Alaska reports mixed results from salmon season

Like most years, Alaska’s summer salmon season was a mix of good and bad depending on fishing areas and species.

Sockeye returns were good across the state and Norton Sound saw unusually strong pink salmon returns. However, the pink salmon harvest in Southeast Alaska was disappointing. Though it was forecasted to be 34 million, a “strong” forecast, only 14.5 million pink salmon were actually harvested and only 1.4 million of those fish were from northern Southeast Alaska.

“As a processor, there just was not enough fish to cover any of the costs. It’s going to be tough for the fishermen to put maintenance back into their boats, as well as us putting maintenance back into the plants,” Mike Forebush of Ocean Beauty Seafoods said.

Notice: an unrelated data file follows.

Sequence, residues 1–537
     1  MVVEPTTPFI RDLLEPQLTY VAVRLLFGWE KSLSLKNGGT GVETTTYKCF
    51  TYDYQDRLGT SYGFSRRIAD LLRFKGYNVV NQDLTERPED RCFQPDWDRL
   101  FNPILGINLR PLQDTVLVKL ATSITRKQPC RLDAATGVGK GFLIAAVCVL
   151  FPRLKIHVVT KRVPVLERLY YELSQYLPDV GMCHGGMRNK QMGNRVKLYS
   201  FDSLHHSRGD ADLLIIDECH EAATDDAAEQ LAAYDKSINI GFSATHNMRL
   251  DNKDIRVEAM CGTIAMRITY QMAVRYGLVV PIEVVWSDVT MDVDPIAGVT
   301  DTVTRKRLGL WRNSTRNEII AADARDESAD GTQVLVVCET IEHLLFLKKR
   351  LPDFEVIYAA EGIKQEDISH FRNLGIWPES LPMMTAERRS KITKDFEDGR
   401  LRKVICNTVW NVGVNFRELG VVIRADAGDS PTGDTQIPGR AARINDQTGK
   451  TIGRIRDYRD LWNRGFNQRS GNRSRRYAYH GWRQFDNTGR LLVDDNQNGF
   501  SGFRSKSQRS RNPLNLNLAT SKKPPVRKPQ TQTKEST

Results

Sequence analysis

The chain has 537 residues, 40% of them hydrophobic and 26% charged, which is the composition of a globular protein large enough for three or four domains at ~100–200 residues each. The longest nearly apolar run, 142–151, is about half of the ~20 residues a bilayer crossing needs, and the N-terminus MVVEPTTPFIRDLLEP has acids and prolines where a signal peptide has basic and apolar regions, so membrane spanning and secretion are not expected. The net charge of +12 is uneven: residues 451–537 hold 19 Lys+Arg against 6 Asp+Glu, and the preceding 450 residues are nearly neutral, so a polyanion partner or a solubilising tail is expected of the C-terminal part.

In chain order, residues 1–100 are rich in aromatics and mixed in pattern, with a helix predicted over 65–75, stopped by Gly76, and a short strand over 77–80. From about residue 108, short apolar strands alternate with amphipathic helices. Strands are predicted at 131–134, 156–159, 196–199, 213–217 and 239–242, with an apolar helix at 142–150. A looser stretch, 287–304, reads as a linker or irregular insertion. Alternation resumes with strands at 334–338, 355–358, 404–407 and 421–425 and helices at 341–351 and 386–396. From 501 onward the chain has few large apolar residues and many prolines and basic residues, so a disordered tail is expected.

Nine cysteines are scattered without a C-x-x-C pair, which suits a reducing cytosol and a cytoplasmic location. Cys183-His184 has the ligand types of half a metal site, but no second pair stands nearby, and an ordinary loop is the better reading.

Biologists, fishermen, and buyers offer a range of reasons why the season did not meet projections, including localized warm sea surface temperatures sometimes known as “the Blob,” ocean predators, and fry state predators, but a clear answer remains elusive.

Alaska Department of Fish and Game biologist Andrew Piston said that when looking at longer-term trends, the fishery still appears quite healthy.

“In recent years we’ve had some of the biggest harvests and biggest escapements we’ve ever seen and even with this year’s low harvest, most of our recent harvests are still far above what people could even dream about in the ‘60s and ‘70s.”

In the 1960s average harvest was around 12.7 million. Catches dropped in the 1970s and then climbed to an all time high of 95 million fish in 2013.


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